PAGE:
The USDA Water and Waste Disposal Loan and Grant Program helps qualified business owners who aren’t able to obtain more traditional business financing. This program, as the name suggests, provides both grants and business loans.

To qualify for this grant program, your business must be in the field of water or waste disposal in an eligible area—a rural area or town with a population of 10,000 or less, tribal lands in rural areas, or colonias. Most state and local government entities, private nonprofits, and federally recognized tribes are eligible for this program.

5. Minority Business Development Agency (MBDA)

The MBDA provides grants to organizations that operate their Minority Business Centers throughout the United States. Through one of these centers, you can receive business consulting, procurement matching, and financial assistance for your minority-owned business.

Additionally, the MBDA also runs a separate ongoing grant competition program. In 2021, this program looked for proposals to open and operate one of four MBDA Export Centers.

6. SBA 8(a) Business Development Program

This program helps socially or economically disadvantaged small business owners compete for set-aside and sole-source government contracts. Although the SBA 8(a) program is not technically a grant program, it offers excellent opportunities for minority-owned businesses. On top of the actual business contract, those who qualify for the program receive access to a Business Opportunity Specialist, a mentor-protégé program, as well as business training, counseling, and executive development.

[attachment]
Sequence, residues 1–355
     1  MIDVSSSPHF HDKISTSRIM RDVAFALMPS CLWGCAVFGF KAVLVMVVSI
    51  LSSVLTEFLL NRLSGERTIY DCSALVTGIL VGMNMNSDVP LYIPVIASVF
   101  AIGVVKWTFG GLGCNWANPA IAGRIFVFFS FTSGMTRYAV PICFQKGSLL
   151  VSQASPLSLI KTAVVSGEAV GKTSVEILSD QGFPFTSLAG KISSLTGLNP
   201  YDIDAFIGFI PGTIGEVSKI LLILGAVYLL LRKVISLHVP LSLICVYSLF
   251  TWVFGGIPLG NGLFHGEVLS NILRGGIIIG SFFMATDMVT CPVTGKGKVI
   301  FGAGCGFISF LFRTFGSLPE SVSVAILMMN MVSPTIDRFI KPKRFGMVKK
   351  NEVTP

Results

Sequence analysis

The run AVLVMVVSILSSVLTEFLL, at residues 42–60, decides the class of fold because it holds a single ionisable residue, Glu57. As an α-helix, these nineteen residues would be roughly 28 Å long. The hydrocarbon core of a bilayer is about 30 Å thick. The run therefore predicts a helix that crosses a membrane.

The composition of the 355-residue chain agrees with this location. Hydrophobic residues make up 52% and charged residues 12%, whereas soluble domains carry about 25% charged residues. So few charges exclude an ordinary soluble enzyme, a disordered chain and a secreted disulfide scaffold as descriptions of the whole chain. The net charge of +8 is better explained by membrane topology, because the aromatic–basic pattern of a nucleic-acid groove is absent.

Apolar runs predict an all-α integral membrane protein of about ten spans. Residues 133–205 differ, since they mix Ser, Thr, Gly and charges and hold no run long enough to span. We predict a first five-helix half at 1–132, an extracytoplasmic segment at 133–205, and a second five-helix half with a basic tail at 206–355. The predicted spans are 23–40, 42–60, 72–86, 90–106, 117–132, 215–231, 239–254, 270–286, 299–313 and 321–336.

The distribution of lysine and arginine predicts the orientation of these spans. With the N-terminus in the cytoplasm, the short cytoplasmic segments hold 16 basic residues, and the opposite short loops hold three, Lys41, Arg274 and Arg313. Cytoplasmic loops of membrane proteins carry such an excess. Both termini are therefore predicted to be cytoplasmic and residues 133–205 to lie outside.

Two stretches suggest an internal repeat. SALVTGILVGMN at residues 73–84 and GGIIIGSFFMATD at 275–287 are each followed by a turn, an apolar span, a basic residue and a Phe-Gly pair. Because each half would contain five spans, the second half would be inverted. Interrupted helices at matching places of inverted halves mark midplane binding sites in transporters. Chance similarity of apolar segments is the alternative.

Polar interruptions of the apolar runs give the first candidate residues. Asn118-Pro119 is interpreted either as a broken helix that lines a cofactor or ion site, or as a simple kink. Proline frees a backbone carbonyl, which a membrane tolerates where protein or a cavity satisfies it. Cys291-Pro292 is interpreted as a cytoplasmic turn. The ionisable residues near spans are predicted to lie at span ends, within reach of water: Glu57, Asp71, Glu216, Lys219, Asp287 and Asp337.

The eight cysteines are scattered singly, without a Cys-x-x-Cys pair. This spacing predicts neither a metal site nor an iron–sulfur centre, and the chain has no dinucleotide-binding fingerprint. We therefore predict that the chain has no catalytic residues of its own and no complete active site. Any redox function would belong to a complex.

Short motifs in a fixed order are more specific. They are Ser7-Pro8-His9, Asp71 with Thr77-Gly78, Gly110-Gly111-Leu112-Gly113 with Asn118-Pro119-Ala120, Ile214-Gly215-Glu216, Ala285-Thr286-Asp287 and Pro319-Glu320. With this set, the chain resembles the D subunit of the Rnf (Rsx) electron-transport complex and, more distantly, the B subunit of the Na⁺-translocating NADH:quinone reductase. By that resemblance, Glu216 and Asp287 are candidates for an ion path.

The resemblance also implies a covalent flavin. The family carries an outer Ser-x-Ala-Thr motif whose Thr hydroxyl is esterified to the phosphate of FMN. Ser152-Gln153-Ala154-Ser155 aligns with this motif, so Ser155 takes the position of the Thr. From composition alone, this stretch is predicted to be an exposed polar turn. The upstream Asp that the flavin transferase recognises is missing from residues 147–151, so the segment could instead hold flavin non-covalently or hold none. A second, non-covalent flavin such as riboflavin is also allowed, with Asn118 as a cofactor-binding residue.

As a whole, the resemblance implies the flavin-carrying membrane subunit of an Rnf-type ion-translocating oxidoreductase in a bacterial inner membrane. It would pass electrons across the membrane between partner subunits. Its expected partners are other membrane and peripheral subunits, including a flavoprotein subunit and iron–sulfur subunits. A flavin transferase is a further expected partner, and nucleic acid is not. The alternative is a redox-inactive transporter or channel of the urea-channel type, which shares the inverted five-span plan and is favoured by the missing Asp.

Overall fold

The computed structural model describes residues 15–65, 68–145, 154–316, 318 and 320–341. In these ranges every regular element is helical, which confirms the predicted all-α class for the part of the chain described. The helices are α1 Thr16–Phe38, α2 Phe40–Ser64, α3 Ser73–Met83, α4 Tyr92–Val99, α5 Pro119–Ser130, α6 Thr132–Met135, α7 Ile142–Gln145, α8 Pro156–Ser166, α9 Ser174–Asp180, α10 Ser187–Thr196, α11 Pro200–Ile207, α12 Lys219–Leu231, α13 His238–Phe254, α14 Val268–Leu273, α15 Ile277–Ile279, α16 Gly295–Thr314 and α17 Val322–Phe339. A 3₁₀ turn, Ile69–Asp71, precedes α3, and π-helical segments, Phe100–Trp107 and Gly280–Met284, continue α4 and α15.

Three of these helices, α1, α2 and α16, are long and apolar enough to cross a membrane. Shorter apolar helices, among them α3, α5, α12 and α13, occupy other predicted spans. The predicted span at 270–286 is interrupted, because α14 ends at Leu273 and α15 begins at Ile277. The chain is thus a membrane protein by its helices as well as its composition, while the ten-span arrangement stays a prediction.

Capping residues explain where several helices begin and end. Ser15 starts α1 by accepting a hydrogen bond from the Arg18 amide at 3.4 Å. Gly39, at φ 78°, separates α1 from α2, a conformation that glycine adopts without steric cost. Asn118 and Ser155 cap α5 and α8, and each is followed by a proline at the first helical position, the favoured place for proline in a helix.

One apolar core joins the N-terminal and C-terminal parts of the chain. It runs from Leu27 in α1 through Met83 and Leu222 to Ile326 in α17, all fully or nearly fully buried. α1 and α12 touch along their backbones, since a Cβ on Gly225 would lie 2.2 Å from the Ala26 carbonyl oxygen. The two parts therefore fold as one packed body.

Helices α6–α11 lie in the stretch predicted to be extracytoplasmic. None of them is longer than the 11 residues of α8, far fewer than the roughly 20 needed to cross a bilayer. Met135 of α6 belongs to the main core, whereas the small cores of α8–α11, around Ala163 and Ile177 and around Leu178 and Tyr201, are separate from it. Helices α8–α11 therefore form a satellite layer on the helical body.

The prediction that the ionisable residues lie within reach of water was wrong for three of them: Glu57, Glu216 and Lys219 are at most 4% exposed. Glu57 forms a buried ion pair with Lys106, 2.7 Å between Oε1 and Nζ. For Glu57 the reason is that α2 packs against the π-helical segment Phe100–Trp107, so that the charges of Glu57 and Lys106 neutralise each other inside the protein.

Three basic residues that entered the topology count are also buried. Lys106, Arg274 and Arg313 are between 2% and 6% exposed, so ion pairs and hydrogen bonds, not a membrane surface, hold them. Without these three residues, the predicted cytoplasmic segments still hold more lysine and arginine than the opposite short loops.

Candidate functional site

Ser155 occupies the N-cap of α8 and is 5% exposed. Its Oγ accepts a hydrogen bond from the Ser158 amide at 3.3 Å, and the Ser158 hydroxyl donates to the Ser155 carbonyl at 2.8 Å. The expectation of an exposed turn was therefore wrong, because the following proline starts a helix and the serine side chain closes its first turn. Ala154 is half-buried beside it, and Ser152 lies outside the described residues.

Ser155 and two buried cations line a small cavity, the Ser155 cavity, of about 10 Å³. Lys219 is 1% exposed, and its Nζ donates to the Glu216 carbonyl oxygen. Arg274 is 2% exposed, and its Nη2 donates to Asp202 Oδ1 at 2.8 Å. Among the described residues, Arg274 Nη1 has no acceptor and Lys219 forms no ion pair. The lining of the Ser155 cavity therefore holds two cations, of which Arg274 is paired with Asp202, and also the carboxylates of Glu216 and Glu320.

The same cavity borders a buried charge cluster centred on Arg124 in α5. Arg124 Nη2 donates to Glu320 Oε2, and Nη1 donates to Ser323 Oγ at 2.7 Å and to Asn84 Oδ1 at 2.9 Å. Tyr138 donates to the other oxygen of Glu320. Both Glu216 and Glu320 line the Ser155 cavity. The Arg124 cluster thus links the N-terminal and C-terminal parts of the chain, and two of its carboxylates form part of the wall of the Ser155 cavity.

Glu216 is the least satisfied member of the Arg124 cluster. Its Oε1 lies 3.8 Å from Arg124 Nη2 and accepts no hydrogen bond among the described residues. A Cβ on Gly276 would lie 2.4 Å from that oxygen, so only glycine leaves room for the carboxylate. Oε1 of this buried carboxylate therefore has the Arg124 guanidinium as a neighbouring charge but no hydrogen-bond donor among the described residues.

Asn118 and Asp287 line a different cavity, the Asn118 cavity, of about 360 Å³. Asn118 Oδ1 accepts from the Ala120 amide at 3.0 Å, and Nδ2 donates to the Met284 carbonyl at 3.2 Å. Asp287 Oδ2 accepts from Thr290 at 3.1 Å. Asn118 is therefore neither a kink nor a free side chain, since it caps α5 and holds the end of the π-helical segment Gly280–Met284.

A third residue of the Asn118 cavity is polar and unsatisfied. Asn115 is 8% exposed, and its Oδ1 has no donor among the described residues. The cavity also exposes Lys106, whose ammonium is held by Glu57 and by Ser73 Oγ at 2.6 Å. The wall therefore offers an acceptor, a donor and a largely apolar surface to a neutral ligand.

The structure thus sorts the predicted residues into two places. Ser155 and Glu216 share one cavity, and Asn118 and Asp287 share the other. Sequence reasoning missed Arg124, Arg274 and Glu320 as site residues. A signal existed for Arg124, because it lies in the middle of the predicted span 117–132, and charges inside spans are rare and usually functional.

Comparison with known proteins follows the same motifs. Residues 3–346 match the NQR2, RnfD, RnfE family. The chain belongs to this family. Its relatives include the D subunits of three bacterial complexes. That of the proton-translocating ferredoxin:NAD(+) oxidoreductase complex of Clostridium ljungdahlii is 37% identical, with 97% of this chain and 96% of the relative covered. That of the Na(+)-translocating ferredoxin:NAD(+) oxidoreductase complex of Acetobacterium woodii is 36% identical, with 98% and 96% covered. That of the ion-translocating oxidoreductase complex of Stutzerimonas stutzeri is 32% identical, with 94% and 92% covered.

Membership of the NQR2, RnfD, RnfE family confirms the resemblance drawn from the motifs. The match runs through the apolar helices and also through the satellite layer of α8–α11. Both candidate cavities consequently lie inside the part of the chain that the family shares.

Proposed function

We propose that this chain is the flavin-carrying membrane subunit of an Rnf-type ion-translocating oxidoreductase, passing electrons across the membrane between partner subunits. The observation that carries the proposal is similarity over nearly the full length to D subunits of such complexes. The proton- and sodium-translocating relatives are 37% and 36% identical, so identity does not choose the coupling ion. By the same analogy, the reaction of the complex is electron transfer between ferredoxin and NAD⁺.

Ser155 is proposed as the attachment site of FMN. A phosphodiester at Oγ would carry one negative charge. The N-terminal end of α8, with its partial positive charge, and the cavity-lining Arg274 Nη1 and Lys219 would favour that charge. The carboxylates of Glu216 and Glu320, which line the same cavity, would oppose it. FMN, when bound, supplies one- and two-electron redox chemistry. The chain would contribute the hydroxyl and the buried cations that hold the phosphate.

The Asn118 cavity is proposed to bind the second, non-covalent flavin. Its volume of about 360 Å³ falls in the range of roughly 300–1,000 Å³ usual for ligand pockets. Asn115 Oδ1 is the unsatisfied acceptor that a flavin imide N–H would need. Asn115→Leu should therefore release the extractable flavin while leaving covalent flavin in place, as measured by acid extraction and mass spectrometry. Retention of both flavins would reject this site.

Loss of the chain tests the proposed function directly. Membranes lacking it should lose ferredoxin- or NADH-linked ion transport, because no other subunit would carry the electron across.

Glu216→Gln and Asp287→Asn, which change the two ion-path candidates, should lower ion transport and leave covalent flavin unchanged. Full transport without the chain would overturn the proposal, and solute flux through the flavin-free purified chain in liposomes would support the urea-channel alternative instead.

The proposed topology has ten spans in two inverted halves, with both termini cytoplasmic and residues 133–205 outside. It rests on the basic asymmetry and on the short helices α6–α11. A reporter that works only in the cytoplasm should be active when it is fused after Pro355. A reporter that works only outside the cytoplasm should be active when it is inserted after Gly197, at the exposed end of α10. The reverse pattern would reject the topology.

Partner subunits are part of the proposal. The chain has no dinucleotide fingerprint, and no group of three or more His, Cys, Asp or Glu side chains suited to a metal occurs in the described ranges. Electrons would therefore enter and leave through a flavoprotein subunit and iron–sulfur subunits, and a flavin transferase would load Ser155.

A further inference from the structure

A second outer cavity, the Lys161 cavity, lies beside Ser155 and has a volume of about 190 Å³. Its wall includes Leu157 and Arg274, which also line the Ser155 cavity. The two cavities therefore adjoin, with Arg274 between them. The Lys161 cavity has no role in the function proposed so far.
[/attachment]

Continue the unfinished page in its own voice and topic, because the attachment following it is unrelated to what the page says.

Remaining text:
7. The National Association for the Self-Employed (NASE) Growth Grants Program

The nonprofit association NASE runs their Growth Grants Program which offers microgrants up to $4,000 each. These grants are designed to help businesses grow.

Although NASE doesn’t exclusively offer grants for minority-owned businesses, this program is designed for smaller businesses that can’t always find other methods of financing. Plus, a NASE Growth Grant can be used for a variety of business purposes—including purchasing equipment, hiring employees, or creating marketing materials.

NASE offers these grants on a monthly basis and applications are reviewed quarterly.

8. Asian Women Giving Circle (AWGC) Grants

The AWGC provides grants for Asian American women-led organizations and individual artists in NYC. The nonprofit organization awards these grants to businesses that are using arts and culture to bring about progressive social transformation, raising awareness and action around issues that affect Asian American women, girls, and families, and highlighting and promoting women’s central role in these projects.

The AWGC typically awards five to eight project grants in each cycle (usually on an annual basis) in amounts up to $15,000.

9. First Nations Development Institute Grants